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Phys Chem Chem Phys. 2018 Nov 21;20(45):28544-28557. doi: 10.1039/c8cp05517c.

Self-adaptive multiscaling algorithm for efficient simulations of many-protein systems in crowded conditions.

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Center for Molecular Modeling, OIR/CIT, National Institutes of Health, U.S. DHHS, USA.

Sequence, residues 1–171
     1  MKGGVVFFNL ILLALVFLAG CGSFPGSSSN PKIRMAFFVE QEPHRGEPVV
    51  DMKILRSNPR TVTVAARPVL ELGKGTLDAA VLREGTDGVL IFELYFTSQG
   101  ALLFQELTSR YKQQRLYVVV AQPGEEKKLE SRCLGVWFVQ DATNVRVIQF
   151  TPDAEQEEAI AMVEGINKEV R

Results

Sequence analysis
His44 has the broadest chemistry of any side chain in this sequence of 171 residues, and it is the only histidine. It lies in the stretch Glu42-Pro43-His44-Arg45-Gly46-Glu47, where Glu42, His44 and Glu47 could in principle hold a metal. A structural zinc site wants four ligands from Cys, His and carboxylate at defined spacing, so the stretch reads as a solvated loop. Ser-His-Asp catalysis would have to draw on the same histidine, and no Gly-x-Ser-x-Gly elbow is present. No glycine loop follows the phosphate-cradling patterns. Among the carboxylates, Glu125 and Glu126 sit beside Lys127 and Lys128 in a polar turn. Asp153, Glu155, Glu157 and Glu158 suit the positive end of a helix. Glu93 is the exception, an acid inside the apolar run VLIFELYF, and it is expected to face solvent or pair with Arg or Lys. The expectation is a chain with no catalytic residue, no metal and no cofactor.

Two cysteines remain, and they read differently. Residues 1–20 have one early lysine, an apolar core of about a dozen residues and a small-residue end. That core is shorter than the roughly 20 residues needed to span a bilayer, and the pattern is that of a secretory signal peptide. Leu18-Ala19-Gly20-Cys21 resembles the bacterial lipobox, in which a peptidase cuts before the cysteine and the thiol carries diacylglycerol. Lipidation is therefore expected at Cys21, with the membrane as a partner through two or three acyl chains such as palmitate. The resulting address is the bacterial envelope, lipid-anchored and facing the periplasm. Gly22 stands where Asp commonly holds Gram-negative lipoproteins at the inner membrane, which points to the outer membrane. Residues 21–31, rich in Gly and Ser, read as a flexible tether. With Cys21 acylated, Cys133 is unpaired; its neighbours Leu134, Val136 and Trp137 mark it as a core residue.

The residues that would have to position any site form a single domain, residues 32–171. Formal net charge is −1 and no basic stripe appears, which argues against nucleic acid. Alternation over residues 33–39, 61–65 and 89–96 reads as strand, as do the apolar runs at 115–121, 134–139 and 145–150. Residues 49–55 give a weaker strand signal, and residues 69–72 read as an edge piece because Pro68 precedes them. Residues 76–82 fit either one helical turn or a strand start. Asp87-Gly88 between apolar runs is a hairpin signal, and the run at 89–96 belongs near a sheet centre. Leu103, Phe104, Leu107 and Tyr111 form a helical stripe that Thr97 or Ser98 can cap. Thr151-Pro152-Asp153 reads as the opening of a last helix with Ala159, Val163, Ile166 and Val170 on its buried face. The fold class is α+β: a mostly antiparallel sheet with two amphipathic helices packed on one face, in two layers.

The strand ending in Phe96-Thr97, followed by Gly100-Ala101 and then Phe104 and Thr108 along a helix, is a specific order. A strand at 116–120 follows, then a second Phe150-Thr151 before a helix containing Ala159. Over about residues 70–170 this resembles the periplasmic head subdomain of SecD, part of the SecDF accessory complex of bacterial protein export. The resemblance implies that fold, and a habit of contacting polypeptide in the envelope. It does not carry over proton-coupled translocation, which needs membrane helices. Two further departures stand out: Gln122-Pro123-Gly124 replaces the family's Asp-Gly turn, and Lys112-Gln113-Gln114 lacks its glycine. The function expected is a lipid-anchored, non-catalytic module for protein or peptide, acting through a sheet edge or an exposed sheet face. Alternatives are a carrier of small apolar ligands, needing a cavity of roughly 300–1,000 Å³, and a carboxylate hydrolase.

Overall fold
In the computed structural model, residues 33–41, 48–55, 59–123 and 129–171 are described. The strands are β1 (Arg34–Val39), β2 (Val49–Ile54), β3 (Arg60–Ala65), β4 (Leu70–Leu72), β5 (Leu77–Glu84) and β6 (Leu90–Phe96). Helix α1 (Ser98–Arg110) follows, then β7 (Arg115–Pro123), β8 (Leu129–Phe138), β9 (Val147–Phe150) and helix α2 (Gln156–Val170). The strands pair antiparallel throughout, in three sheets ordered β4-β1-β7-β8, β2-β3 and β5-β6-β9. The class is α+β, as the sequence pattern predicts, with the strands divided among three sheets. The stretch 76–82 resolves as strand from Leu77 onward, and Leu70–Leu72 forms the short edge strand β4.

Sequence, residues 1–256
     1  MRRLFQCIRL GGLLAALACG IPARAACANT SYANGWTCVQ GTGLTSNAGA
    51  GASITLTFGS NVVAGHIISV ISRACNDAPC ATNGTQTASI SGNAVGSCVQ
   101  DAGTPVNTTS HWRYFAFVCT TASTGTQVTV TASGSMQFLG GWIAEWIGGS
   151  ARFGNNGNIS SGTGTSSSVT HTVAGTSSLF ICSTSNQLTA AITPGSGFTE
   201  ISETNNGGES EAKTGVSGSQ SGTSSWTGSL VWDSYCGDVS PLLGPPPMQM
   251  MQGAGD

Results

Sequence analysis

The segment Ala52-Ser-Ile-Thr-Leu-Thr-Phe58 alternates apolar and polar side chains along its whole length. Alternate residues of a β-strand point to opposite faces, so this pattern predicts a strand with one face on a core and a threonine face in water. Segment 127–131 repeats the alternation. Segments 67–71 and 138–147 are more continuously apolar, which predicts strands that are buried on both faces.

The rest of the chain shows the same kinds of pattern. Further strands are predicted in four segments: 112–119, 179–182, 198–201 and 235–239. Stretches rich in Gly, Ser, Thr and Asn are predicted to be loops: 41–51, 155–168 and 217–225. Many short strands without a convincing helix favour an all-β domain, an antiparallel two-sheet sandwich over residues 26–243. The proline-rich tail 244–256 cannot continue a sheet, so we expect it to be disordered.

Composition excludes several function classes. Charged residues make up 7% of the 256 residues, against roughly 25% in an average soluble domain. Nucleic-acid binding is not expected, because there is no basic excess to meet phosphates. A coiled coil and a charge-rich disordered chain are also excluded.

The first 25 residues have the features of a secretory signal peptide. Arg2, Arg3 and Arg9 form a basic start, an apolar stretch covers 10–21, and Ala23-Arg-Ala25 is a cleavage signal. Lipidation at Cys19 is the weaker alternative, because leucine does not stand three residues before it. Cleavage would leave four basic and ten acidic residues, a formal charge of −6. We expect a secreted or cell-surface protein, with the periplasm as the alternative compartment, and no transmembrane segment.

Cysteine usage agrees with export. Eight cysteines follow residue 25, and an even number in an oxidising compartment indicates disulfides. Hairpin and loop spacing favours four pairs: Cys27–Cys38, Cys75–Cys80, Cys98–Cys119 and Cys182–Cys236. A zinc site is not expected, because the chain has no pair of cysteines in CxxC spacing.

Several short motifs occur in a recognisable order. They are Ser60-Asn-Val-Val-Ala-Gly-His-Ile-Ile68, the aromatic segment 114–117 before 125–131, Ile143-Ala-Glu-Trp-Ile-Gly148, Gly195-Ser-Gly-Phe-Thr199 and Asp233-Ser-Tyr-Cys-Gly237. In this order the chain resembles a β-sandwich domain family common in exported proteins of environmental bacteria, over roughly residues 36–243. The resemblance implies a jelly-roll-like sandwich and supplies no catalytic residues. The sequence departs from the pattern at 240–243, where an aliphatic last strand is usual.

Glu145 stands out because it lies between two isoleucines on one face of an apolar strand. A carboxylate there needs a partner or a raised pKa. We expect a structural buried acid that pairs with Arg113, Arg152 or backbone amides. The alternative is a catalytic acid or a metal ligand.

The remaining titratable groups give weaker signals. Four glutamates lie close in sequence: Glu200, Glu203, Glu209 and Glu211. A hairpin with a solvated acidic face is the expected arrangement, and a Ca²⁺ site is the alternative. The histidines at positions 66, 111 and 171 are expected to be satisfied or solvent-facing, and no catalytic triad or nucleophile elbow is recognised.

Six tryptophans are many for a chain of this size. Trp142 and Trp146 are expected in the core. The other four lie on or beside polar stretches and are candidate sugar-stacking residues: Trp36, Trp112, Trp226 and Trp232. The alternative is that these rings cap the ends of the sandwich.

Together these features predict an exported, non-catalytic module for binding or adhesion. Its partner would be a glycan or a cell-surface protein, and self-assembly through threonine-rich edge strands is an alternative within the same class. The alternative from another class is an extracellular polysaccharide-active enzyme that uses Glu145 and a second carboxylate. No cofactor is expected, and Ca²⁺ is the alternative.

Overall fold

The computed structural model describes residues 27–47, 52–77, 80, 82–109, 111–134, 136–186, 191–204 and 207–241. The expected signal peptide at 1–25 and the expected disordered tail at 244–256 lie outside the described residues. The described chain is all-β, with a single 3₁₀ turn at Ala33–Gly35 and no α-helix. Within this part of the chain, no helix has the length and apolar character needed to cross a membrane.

A method is described for the efficient simulation of multiprotein systems in crowded environments. It is based on an adaptive, reversible structural coarsening algorithm that preserves relevant physical features of the proteins across scales. Water is treated implicitly whereas all the other components of the aqueous solution, such as ions, cosolutes, or osmolytes, are treated in atomic detail. The focus is on the analytical adaptation of the solvent model to different levels of molecular resolutions, which allows continuous, on-the-fly transitions between scales. This permits the analytical calculation of forces during dynamics and preserves detailed balance in Monte Carlo simulations. A major computational speedup can be achieved in systems containing hundreds of proteins without cutting off the long-range interactions. The method can be combined with a self-adaptive configurational-bias sampling technique described previously, designed to detect strong, weak, or ultra-weak protein associations and shown to improve sampling efficiency and convergence. The implementation aims to simulate early stages of multimeric complexation, aggregation, or self-assembly. The method can be adopted as the basis for a more general algorithm to identify vertices, edges, and hubs in protein interaction networks or to predict critical steps in signal transduction pathways.

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